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on the basis of our early, singlecenter experience. The condition is not inducible in every TTC patient. In fact, an episode of TTC seems to induce immunity, by an unknown mechanism, consistent with clinical experience (5% to 10% probability of recurrence). Our attempt to co-ordinate a multicenter prospective study is encountering serious difﬁculties, mainly because many www.ajconline.org
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clinicians believe that the catecholamine/stress theory is correct and adequate; however, this theory has never been proved, catecholamine levels in TTC are not usually tested, and only w5% of pheochromocytoma patients have TTC.3,4 3. It is likely that many more TTC patients die out of the hospital, before medical attention can be instituted. Autopsy studies involving TTC are rare and not demonstrative; these facts lead to under-reporting of early mortality. 4. Recent attempts to produce TTC experimentally in animal models were based on the catecholamine theory, but they failed to show some typical features of human TTC: mortality was quite high (15% to 40% instead of w2%), dyskinesia was atypical of TTC, and acquired residual immunity (so that recurrence and reinducibility of TTC are rare after an event) was not demonstrated.3 5. During the past few years, we have used ACH to study patients presenting with a cardiac arrest preceded by chest pain. These early studies have revealed an unexpected high probability of endothelial dysfunction (Figure 2) accompanying a pattern of reversible severe, diffuse coronary narrowing similar to that seen in TTC. We encourage TTC investigators to follow similar protocols to conﬁrm a promising lead in explaining this fascinating and puzzling entity, which was ﬁrst described almost 25 years ago by Dote et al5 as “[m]yocardial stunning due to multivessel simultaneous coronary spasms.” Singh et al suggest that “patients with cardiac arrest after TTC do not require an automatic implantable cardioverterdeﬁbrillator, because the risk of recurrent cardiac arrest is extremely low.” We believe that ACH testing could provide both interesting pathophysiological clues and valuable, objective prognostic indications regarding the risk of recurrence, as relatable to endothelial dysfunction. Paolo Angelini, MD Carlo Uribe, MD Houston, Texas 21 April 2015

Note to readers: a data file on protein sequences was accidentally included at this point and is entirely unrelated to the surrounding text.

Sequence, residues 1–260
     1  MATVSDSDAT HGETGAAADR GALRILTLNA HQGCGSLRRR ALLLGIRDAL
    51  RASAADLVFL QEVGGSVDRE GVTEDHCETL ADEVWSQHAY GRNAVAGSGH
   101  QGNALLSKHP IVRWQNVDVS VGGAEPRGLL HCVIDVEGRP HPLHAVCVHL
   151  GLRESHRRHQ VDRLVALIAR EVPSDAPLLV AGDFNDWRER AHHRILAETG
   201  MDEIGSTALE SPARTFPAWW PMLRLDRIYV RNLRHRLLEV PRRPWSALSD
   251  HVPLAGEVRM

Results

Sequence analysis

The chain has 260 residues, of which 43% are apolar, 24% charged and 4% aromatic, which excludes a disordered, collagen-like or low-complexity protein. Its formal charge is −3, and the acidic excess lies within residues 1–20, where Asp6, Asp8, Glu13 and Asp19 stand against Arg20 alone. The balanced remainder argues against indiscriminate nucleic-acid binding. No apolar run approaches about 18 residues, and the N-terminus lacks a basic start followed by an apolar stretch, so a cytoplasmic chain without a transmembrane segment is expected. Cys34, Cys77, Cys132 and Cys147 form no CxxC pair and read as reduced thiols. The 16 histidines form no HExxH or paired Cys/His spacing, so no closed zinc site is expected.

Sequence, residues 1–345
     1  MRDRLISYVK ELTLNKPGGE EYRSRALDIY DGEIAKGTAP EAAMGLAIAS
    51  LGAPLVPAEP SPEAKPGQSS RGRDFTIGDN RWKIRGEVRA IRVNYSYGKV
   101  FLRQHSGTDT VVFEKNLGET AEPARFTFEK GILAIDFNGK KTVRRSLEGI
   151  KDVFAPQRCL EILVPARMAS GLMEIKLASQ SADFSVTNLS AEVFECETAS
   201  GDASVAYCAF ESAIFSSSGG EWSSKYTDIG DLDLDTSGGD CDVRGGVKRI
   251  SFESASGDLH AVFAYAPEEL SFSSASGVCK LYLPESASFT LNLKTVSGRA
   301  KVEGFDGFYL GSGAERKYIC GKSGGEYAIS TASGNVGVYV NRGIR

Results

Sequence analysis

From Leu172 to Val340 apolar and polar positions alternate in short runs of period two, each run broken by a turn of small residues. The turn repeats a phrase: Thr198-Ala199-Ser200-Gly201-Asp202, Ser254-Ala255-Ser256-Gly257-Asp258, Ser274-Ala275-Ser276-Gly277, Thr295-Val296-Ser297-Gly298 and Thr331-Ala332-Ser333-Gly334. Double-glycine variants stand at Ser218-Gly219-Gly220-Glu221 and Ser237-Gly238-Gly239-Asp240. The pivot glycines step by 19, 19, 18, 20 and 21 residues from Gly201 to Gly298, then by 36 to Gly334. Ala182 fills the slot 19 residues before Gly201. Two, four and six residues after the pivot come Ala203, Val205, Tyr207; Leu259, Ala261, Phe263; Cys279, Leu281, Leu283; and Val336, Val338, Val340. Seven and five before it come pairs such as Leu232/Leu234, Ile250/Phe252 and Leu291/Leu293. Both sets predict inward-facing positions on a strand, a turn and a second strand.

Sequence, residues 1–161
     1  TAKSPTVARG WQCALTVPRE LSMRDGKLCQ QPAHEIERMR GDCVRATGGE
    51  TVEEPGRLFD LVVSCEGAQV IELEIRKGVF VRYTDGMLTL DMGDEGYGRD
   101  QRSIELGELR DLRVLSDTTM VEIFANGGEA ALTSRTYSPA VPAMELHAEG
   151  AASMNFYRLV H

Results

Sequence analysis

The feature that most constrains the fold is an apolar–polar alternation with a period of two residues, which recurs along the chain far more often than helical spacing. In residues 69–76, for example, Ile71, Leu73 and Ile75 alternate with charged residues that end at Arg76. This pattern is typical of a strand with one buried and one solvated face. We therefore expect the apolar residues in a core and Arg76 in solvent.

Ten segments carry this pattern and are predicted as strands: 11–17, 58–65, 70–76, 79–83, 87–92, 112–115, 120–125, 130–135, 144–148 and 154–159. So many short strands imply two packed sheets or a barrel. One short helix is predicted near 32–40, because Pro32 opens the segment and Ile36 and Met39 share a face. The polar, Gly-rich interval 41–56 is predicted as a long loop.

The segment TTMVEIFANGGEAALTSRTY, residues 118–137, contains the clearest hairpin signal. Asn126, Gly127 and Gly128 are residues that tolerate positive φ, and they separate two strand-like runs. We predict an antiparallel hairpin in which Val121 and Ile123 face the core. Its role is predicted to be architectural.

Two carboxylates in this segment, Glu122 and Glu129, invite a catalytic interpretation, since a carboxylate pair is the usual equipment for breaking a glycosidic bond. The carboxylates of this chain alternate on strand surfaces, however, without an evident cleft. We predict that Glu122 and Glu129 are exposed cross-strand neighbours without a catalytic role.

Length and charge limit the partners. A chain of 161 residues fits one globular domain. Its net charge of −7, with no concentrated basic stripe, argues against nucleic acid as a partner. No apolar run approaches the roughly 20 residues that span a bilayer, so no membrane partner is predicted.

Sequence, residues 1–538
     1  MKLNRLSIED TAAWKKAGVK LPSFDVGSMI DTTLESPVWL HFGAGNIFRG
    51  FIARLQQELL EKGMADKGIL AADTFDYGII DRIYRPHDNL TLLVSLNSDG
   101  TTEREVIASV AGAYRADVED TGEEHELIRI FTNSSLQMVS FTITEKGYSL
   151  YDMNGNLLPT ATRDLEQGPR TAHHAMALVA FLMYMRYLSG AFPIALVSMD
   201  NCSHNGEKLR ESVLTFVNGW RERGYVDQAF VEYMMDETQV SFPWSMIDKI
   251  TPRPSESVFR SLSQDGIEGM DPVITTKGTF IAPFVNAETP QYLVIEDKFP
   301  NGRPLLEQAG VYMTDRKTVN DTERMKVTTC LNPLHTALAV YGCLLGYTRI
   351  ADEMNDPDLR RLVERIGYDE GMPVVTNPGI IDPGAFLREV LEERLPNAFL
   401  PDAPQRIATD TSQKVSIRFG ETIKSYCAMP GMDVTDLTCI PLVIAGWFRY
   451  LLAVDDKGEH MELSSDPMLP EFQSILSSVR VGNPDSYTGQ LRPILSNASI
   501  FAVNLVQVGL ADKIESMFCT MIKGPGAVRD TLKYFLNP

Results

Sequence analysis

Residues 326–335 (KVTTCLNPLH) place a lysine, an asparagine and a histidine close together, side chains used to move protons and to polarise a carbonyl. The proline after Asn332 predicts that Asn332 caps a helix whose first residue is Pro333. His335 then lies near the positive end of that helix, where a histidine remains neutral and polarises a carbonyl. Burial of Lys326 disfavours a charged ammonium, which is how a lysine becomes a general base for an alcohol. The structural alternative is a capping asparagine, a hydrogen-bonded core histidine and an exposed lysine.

1. Singh K, Carson K, Hibbert B, Le May M. Natural history of cardiac arrest in patients with takotsubo cardiomyopathy. Am J Cardiol 2015;115:1466e1472. 2. Angelini P. Transient left ventricular apical ballooning: a unifying pathophysiologic theory at the edge of Prinzmetal angina. Catheter Cardiovasc Interv 2008;71:342e352. 3. Angelini P, Tobis JM. Is high-dose catecholamine administration in small animals an appropriate model for takotsubo syndrome? Circ J 2015;79:897. 4. Tobis J. Takotsubo syndrome: a call to action. Catheter Cardiovasc Interv 2013;82:914. 5. Dote K, Sato H, Tateishi H, Uchida T, Ishihara M. Myocardial stunning due to simultaneous multivessel coronary spasms: a review of 5 cases. J Cardiol 1991;21:203e214. http://dx.doi.org/10.1016/j.amjcard.2015.04.036